states regulate the possession of controlled dangerous substances
(CDS), though each differs in its exact definition of CDS and the
penalties for illegal personal possession. South Dakota classifies not
only well-known drugs like marijuana, heroin, and cocaine as CDS, but
also the compounds used to manufacture them.
This article discusses illegal CDS possession only. Illegally making or selling CDS carries different penalties. For more information on CDS manufacture and sale, see Sale of Controlled Substances in South Dakota.
Also, while marijuana is considered a CDS, this article does not cover South Dakota's marijuana possession and sale laws. To learn more about that topic, see South Dakota Marijuana Laws.
South Dakota divides CDS into five “Schedules.” Schedule I lists the most dangerous drugs, which have a high probability of abuse and addiction, and no recognized medical value. Schedules II, III, IV, and V decrease in dangerousness and probability of abuse, and increase in recognized medical uses.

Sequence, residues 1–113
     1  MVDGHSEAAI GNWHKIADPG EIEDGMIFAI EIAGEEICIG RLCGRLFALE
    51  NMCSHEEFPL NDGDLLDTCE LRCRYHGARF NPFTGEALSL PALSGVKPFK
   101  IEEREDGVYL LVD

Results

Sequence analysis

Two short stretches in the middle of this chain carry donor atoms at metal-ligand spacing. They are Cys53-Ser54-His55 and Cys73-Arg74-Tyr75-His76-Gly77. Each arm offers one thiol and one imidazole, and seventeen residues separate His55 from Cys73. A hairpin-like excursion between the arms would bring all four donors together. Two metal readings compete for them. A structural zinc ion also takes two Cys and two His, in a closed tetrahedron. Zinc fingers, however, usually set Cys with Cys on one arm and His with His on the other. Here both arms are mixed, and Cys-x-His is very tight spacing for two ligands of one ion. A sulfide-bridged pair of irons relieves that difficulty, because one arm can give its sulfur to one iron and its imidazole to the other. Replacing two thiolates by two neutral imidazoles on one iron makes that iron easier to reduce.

If you've been arrested for illegal CDS possession, you'll need to consult the South Dakota Code that lists precisely which drugs fit into each group. Go to the statute (S.D. Cod. Laws § § 34-20B-12 through -26) and find the substance you're charged with possessing -- it will be listed under one of the five classes.
It is a Class 4 felony in South Dakota to possess CDS without a valid medical prescription. Penalties include a fine of up to $20,000, up to ten years in prison, or both. (S.D. Cod. Laws § 22-42-5.)
CDS possession convictions can incur harsh fines and long periods of incarceration. A local lawyer who practices CDS defense will review the facts of your case, explain your options, and advise you of the possible consequences.